Friday, July 27, 2007

doris lessing

"Briefing For a Descent Into Hell" is one of Doris Lessing's masterpieces. Her incredible versatility has been manifested in a number of volumes that range from direct realism to an almost science fiction approach. This novel could be considered a somewhat sci-fi project, although she named it as part of her "Inner Space Fiction" works. (Already hinted at in her monumental "The Golden Notebook", a classic that tackles problems such as feminism, psycoanalysis, and marxism). The imbricate plot departs from the look inside the mind of a man who is supposedly crazy, monitored by psychiatrists in a mental institution. They try different drugs on him, while he travels through the seas... The incredible efforts they make in order to decode his personality and identity is donde in the novel through several tecniques (Dialogues between doctors and patient, collection of letters from several people the patient has known in his life -we later learn he is a Professor from Cambridge University-, etc).

"You will wake up, as it were, but there will be a period while you are waking which will be like the recovery from an illness, or like the emergence into good air from a poisoned one. Some of you may choose not to wake, for the waking will be so painful, and the knowledge of your condition and Earth's condition so agonising, you will be like drug addicts: you may prefer to continue to breath in oblivion. And when you have understood that you are in the process of awakening, that you have something to get done, you will have absorbed enough of the characteristics of Earth-men to be distrustful, surly, grudging, suspicious. You will be like a drowning person who drowns his rescuer, so violently will you struggle in your panic terror" (133).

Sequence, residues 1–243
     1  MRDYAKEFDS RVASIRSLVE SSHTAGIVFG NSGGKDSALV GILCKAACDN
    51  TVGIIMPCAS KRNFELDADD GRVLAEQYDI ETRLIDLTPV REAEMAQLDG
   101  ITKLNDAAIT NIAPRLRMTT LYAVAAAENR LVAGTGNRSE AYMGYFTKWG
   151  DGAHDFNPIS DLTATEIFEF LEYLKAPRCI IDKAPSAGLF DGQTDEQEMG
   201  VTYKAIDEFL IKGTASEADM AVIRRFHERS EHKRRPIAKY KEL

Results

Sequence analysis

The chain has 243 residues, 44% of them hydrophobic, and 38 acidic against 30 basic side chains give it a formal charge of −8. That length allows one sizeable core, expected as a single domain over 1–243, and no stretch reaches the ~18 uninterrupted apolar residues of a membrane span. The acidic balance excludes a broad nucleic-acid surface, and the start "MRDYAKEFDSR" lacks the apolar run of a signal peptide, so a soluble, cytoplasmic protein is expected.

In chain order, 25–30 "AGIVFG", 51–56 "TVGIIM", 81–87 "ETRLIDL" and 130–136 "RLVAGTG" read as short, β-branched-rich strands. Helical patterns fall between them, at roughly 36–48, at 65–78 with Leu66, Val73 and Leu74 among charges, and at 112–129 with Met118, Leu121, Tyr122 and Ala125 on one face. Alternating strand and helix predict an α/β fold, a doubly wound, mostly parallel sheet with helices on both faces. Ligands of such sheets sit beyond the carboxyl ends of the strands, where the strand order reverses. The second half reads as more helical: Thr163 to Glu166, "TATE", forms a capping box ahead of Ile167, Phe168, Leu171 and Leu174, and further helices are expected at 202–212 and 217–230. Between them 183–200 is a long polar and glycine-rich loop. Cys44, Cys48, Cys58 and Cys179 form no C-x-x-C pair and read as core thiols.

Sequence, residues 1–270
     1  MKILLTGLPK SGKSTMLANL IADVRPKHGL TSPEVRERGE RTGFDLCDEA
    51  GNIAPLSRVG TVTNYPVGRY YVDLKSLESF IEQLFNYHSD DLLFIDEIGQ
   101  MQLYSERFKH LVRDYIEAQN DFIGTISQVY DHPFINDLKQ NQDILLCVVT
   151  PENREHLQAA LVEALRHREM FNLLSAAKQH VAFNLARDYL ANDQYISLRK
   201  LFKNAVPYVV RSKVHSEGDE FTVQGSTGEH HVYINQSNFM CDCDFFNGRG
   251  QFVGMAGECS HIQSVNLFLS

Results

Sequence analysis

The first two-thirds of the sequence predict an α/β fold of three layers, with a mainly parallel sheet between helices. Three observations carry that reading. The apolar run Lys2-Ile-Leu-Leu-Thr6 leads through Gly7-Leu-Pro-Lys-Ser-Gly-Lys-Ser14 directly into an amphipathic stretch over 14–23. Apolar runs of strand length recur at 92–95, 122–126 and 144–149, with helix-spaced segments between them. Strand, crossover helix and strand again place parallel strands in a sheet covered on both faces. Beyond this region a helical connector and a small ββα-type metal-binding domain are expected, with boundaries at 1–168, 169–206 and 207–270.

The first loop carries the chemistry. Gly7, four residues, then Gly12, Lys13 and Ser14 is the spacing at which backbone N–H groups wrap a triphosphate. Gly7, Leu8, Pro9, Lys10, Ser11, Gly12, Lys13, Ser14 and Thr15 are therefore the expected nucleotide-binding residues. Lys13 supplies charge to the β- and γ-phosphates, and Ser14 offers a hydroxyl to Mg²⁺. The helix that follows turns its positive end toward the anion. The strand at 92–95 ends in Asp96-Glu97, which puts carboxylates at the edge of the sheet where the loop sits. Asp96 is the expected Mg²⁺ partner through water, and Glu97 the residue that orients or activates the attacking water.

Next, a letter sent to the psychiatrist, providing more data from the perspective of a student. This is what she says:

"While his remarks may have been scattered, there was an inner logic to them, a thread, which sounded at first like a repetition of certain words or ideas. Sometimes it seemed as if the sound, and not the meaning of a word or syllable in a sentence, gave birth to the next sentence or word. When this happened it gave the impression of superficilaity, of being 'scatty' or demented. But we have perhaps to begin to think of the relation of the sound of a word with its meaning. Of course poets do this, all the time. Do doctors? Sounds, the function of sounds in speech... we have no way yet of knowing--have we?--how a verbal current may match an inner reality, sounds expressing a condition? But perhaps this sort of thought is not found useful by you" (220).

Monday, July 23, 2007


photos by kent klich, essay by herta muller.
After James Agee and Walker Evans's testimony...
Remembering poignant books mixing text and photographs, such as this one, or Eltit's and Errazuriz, 'El infarto del alma'...